Ajami, Washington Post, 18 Apr. 1999, also finds that there seem "to be many Ritters, often at odds with each other.... There was Ritter the 'international civil servant,' incensed that UNSCOM had become an instrument of American power.... There was Ritter the cloak-and-dagger man, boasting that he had supplied American intelligence with the address of Saddam Hussein's mistress for use in a possible assassination attempt. There was Ritter the hawk, dismissing Operation Desert Fox as a 'relatively puny' endeavor that did nothing to change the standoff with Saddam. And there was Ritter the dove, concerned about the endless sanctions imposed on Iraq."
For Cohen, FA 78.4 (Jul.-Aug. 1999), Endgame would be fascinating "if Ritter's writing were not so disjointed." The author also shows that he has "little talent for policy analysis," and produces "particularly weak policy recommendations." Dorn, IJI&C 12.4/446/fn.46, comments that although "the interpretive and prescriptive elements of Ritter's analysis are questionable, his detailed description of his own UNSCOM experiences and its information-gathering methods appear[s] to be valid."
Ritter, Scott. Iraq Confidential: The Untold Story of the Intelligence Conspiracy to Undermine the UN and Overthrow Saddam Hussein. New York: Nation Books, 2005.
Peake, Studies 50.2 (2006), comments that "Ritters story of the problems experienced by the inspection team is interesting but not new. His depiction of the primacy of his role in the events is surprising and unlikely to be accepted by others familiar with the situation.... Iraq Confidential should be read with caution."
Ritz, Michael W., Ralph G. Hensley, Jr., and James C. Whitmire, eds. The Homeland Security Papers: Stemming the Tide of Terror. Maxwell AFB, AL: Air War College, Feb. 2004. Available at : http://www.au.af.mil/au/awc/awcgate/cpc-pubs/hls_papers/index.htm.
This is an edited work with 12 different authors writing on a range on homeland security topics. Most of the 10 chapters are available in PDF format.
Rivers, Gayle, and James Hudson. The Tehran Contract. New York: Doubleday, 1981. [Wilcox]
Rizzo, John. "The CIA-Congress War." Defining Ideas, 30 Mar. 2012. [http://www.hoover.org/publications/defining-ideas/article/112491]
Between 1976 and 2009, Rizzo rose through the CIA lawyer ranks to be Acting General Counsel. Here, he offers his "personal perspective" on why the relations between the Congress and the CIA "have gone inexorably downhill over the past three-plus decades." The primary reason for this is: "A failure to communicate."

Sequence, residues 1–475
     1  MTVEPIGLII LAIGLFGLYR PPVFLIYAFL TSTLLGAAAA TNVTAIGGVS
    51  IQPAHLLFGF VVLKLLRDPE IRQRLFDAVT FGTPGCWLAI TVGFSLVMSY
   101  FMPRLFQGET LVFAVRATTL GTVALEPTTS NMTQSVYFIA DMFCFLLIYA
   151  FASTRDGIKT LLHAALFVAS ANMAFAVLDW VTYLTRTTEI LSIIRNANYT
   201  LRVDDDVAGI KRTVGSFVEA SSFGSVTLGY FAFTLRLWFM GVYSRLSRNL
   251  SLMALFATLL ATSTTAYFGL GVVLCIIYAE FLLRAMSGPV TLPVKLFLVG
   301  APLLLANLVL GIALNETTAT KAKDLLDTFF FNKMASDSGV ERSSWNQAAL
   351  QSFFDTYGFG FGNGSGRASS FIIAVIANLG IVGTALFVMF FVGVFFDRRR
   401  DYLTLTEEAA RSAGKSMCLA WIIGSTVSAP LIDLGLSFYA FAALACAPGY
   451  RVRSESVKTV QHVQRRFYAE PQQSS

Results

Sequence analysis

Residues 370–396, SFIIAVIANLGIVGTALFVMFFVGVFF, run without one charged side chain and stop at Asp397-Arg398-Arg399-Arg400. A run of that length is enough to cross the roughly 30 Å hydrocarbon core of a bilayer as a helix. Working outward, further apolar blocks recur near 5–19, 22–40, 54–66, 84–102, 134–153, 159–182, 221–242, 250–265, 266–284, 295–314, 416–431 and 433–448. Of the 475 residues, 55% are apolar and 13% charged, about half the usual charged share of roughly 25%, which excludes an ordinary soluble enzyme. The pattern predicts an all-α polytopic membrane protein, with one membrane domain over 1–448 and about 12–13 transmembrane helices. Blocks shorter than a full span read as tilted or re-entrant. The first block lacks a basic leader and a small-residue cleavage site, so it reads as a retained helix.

Rizzo, John. Company Man: Thirty Years of Controversy and Crisis in the CIA. New York: Scribner, 2014.
Campbell, CIRA Quarterly 34.1 (Spring 2014), notes that the author "occupied a front row seat as a participant in and witness to the many political, legal, policy, and operational complexities inherent to the planning, coordination, approval, and execution of covert action.... Rizzo has produced a book full of unique insights and thoughtful reflection, with a good dose of humor along the way."
To Peake, Studies 58.2 (Jun. 2014), and Intelligencer 20.3 (Spring-Summer 2014), the author "provides a forthright account of his career's progress and along the way makes clear the contributions lawyers make. In a matter-of-fact writing style that shuns self-promotion, Rizzo describes one challenging episode after another that raised unprecedented legal issues.... He gives a detailed account of his role in the origins and implementation of the interrogation program." This book makes "clear why Rizzo acquired a reputation for competence and intellectual honesty."
Kaplan, New York Times, 3 Jan. 2014, is basically downbeat about these memoirs. He seems to want Rizzo to have said more negative things about the CIA, its actions, and the people he worked with and for: "[T]he book suffers from the lack not merely of a critical perspective ... but of any perspective whatever." Admittedly, there are a few "tidbits" here, but there should have been more. And the author "shies away from substance on many policy matters.... His chief failing here is that he took part in so much but tells us so little."
For Temple-Raston, Washington Post, 10 Jan. 2014, "[f]ew books have this scope or insider perspective on the CIA.... The book is by turns withholding and matter-of-fact, aggrieved and smug, and in the end could be read in one of two ways: as the diary of a legal enabler for the agency or as an atlas to navigate the dark, murky morality that governs the business of intelligence." Chapman, IJI&C 27.4 (Winter 2014), calls Rizzo's "an insider's explanation of many important events.... But too many questions remain as to how certain, often destructive, actions were taken without proper judgment being exercised at numerous points in the decision channel."
[CIA/Components/DCI-DCIA/GenCounsel & Memoirs]